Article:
You can't beat a system you can't understand
Last week's column marked two years of "You Can't Beat a System You Can't Understand" in the Jamestown Press. The time flew by while we walked, or so it seems. Last year, we covered a variety of subjects ranging from the high profits of crime to the perils of Blackberry thumbs, as well as a story about Santa Claus, and another that explored the cutting edge of toilet technology.
This year appears to be shaping up with an abundance of column fodder that we can flesh out, misshape, dissect and distort at will. We shall continue our quest for off-the-beaten-path subject matter that is begging to be addressed but has not yet been published because of fear. Yes, fear. Columnists of every description must beware of causing publishers, advertisers, and the politically correct, serious pause, lest they lose favor with the authoritarian set that believes title and entitlement are synonymous.
When we are errant in our written ways, if our readership remains high, the business savvy publishers will continue to print our material. However, we will be stricken from invitation lists and social registers (as if we were ever on any) with the deft stroke of an aristocratic pen for even the slightest faux pas. The offended objects of our acerbic quills have gone so far as to program their telephone systems to redirect our calls to automated voices that say things like, "If you know your party's extension, you may dial it now. If you are not one of the privileged few - get lost."
That is the fate of many journalists, particularly those who write for major publications. Those brave icons of the writing world are limited to addressing subjects that will not cause embarrassment to their newspaper, their country, or worse - their advertisers. Anything that will cause diplomatic hardship, international incidents, altercations or affront to possible and real adversaries and advertisers, both foreign and domestic, must be handled gingerly, or not at all.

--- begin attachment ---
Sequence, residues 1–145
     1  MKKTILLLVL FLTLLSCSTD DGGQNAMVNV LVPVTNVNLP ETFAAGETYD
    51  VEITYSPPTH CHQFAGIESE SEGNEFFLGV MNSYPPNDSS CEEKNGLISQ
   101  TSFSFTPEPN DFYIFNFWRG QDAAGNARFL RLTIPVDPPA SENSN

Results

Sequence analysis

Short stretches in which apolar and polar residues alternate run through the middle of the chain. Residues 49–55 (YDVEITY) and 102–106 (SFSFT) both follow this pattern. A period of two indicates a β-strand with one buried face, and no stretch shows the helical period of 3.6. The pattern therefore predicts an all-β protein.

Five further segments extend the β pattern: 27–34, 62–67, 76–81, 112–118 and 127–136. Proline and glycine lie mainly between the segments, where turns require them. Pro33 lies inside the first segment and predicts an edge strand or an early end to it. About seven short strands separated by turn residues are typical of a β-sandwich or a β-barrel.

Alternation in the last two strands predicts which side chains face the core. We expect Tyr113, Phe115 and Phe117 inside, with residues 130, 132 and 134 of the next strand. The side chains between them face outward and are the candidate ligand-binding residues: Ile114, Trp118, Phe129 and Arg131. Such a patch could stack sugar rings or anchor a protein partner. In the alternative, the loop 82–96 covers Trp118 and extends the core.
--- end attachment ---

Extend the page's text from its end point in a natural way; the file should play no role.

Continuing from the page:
Columnists who write for local and regional publications, on the other hand, have more latitude. Even if we are syndicated in a number of local publications, we can take liberties that the big newspapers cannot, simply because little is at risk. For instance, if we make disparaging comments about General Motors or Toyota, the General or Mr. Toyota are not going to pull their advertising accounts. They cannot because they do not place ads in local newspapers.
Last week, USA Today reported that Venezuelan President Hugo Chavez told U.S. officials to "Go to hell, gringos!" and called Secretary of State Condoleezza Rice "missy" on his weekly radio and TV show. On Friday, U.S. State Department deputy spokesman Tom Casey said Chavez's plans under the law "have caused us some concern." Because of political and diplomatic considerations, the reporter and Tom Casey were limited in what they were permitted to say.
Hugo was arrogant and insulting. He often offends me, as I am sure he offends many. However, unlike the USA Today reporter and Tom Casey, I can say with impunity, "You're right Hugo. We've been to Venezuela, so we know what it's like to go to hell. It's a miserable place, mostly because you're running it. We're glad we don't live there." I can say that and more, and nothing bad will happen as a result. It is one of the perks of grassroots journalism. Not that I make a practice of disrespecting public officials or embarrassing any publication that prints my material, knowing that I can write the truth and occasionally have a little fun without fear of retribution si comforting.
That is not to say that grassroots journalism is without responsibility. Often, irresponsible media on a local level does irreparable harm. Writing for friends and neighbors requires more of a familial discipline.
Writers like Samuel Clemens, through his pen name Mark Twain, made grassroots journalism what it is today. He forged new territory in local newspapers by telling tales, spinning yarns, and commenting on everything from total abstinence to zeal.
"Total abstinence is so excellent a thing that it cannot be carried to too great an extent. In my passion for it I even carry it so far as to totally abstain from total abstinence itself." - Mark Twain, the Washington Post when it was a weekly.
"Zeal and sincerity can carry a new religion further than any other missionary except fire and sword." - Mark Twain, Christian Science Monitor in its infancy.
Because of Clemens and others of similar intent, I can write about my misspent youth, the Googlamaniacs in our research department, a different perspective on Santa Claus, and worry about what the guys from outer space must think if they are watching us.
Thank you, Jamestown, for being receptive and supportive of my experiments in sometimes quirky, occasionally funny, and often absurd brand of journalism. You have been a wonderful audience. The experience has been fun. I believe that enough subject matter is still out there to possibly write another year's worth of columns about living in that system we just can't seem to understand.